The pound saw little movement during yesterday’s trading as pound to euro consolidated above 1.12 and pound to US dollar held above 1.27. Although last night’s US Federal Reserve meeting has sent to both pound to euro and pound to US dollar lower, now trading at 1.1165 and 1.2680 respectively. Whilst there was no immediate change in policy, Fed Chair Jerome Powell reiterated his commitment to support the US economy. This provided a needed boost to the US dollar as markets took comfort that the Fed would not be changing course.
Since the UK and EU committed to continue trade discussions through until the end of the year, the downside risk has lessened, and this has been evident in the number of traders cutting their sterling short positions. However, the pound is likely to remain under pressure as a multitude of UK based problems keep the currency weak.
The lack of progress in Brexit trade talks and the refusal of the UK to request an extension to the current transition period, due to end on 31 January 2021, had threatened to push the pound lower, with both Barclays and Commerzbank predicting pound to euro to fall below 1.10 in the near-term. However, unlike previous trade meetings, both David Frost and Michel Barnier struck a more optimistic tone when the last round of trade talks concluded on Friday, stating they would both continue to work constructively towards a free trade agreement.
It is now widely accepted that the UK will not request an extension to the current transition period, meaning the UK and EU will have until the end of the year to strike a free trade agreement. That said, the EU parliament will need to ratify any FTA, so the UK and EU only have until late October to get a deal agreed.
The UK is keen to begin face-to-face negotiations with the EU in July, but Michel Barnier has pointed towards October as a more realistic date, making the Autumn month the make or break moment. The EU has bigger problems that it needs to address right now, namely focussing on the 7-year budget without the UK’s contribution, and approving the European Commission’s €750 billion COVID-19 rescue fund, which will kick in next year with the new budget. Both issues are likely to involve heated discussions between nation states as they battle to reach an agreement.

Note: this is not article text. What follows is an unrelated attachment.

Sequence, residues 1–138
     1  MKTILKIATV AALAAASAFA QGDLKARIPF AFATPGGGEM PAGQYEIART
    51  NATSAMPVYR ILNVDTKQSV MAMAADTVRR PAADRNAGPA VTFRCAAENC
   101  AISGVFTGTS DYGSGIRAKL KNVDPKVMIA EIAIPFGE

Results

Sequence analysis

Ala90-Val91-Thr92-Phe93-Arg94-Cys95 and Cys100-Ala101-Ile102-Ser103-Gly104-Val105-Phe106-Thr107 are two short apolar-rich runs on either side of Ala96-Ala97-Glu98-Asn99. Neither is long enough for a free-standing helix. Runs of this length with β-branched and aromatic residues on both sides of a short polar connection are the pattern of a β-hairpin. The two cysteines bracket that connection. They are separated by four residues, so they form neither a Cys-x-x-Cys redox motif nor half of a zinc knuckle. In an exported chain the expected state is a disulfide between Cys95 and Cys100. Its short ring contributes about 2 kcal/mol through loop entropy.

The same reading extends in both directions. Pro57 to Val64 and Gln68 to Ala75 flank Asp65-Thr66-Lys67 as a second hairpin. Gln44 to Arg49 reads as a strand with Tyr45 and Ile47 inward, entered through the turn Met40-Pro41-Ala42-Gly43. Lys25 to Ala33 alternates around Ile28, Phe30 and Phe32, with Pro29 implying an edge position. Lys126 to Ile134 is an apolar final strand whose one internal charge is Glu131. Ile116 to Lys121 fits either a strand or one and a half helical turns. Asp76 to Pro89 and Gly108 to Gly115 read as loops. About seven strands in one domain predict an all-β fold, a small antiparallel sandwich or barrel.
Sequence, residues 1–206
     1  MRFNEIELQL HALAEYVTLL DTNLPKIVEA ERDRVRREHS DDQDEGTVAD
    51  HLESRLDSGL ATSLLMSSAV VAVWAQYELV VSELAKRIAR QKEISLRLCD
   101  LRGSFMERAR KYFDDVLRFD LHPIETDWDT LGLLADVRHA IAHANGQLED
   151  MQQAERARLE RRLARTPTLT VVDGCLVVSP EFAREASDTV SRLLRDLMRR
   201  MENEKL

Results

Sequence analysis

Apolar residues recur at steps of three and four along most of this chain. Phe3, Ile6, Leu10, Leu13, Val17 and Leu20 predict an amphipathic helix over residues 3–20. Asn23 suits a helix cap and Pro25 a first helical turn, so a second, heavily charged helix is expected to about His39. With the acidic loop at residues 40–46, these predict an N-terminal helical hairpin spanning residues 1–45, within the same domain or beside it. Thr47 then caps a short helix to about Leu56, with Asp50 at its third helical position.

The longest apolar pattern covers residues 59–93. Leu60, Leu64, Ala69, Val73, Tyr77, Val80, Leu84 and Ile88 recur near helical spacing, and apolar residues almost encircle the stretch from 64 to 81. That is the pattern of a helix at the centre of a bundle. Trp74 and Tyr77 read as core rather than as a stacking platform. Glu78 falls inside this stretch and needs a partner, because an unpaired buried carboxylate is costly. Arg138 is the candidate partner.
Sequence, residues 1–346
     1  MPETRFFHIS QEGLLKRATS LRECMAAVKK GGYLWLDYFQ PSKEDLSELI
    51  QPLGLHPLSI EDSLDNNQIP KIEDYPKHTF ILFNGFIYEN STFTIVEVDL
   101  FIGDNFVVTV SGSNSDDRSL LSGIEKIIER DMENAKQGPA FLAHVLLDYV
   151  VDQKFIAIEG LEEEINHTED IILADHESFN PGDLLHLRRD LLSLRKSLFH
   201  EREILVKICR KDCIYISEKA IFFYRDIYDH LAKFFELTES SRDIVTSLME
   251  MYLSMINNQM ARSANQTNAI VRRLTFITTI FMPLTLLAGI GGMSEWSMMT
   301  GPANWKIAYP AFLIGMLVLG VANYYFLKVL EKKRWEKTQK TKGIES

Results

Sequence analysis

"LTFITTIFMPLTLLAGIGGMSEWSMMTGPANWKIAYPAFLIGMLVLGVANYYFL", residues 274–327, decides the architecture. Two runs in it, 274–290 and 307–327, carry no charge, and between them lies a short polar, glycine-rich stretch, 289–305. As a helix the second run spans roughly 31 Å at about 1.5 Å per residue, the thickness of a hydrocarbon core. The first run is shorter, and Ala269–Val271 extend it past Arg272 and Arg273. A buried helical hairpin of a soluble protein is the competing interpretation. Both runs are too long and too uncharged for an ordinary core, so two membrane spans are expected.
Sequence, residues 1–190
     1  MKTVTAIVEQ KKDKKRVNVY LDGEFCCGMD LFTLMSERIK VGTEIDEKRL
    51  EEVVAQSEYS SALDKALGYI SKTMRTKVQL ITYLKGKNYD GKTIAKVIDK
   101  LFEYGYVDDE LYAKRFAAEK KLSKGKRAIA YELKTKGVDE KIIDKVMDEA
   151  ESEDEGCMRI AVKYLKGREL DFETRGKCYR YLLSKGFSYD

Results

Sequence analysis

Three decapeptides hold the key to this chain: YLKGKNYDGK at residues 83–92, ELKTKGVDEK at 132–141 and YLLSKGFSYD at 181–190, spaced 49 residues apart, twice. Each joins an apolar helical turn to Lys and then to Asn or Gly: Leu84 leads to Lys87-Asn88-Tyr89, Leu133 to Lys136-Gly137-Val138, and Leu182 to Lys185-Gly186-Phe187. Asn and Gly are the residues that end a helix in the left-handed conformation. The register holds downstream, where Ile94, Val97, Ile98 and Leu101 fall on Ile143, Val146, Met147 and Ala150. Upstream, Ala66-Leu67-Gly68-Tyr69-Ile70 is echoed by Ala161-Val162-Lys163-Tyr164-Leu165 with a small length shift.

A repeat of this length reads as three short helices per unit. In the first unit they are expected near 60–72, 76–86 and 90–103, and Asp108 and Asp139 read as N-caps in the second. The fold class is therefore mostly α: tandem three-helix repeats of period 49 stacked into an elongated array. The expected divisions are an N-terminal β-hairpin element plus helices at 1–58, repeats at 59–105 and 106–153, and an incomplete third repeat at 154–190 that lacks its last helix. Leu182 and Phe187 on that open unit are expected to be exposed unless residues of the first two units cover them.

Furthermore, the EU will need to contend with the recent decision by the German supreme court which deemed the European Central Bank (ECB’s) bond buying programme between 2015-2018 illegal. The ECB has until early August to provide an acceptable explanation, otherwise risk the German Bundesbank withdrawing from further asset purchases and offloading the current ones. This could make for an explosive encounter early August and could send pound to euro higher if common ground cannot be found. The alternative would be that the ECB continues its quantitative easing scheme without the Bundesbank. This seems absurd and would seriously bring into question the sustainability of the monetary union, but this is what the ECB is currently preparing for behind the scenes.
The immediate focus will be on top level discussions between Boris Johnson and EU leaders next week as EU leaders meet for the European Council meeting. Leaders will discuss Brexit progress and how the current deadlock can be broken. It is hoped that both teams can adjust their red lines and push negotiations forward.
Slow Easing of Lockdown Measures Likely to Weigh on the Pound
With the cliff-edge Brexit now temporarily off the radar, the pound to euro and pound to dollar exchange rates will be more reactive to wider sentiment and one of the immediate concerns is the lack of progress in opening UK schools. The government’s change in approach means schools will not open as planned and this will slow down the UK’s exit from lockdown, impacting the UK’s return to growth. It is important for the economy that children return to school in order to increase output in the education sector, but more importantly, allowing parents with young children to return to work.
Other economies such as the antipodean, Canadian and Eurozone economies are significantly ahead of the UK in their easing of lockdown measures, as they strive towards returning to pre Covid-19 GDP levels, so with the UK lagging behind, this could also weigh on pound to euro and pound to dollar exchange rates.
There are the signs that UK economy is recovering, and most expect growth in May and June although given the sharp collapse in Gross Domestic Product data in previous months, the economy has a long way to go before it reaches pre COVID-19 levels. Many had hoped for a “v-shaped” recovery but this is increasingly unlikely as most now accept the UK’s recovery will be much slower and likely take at least 18 months.
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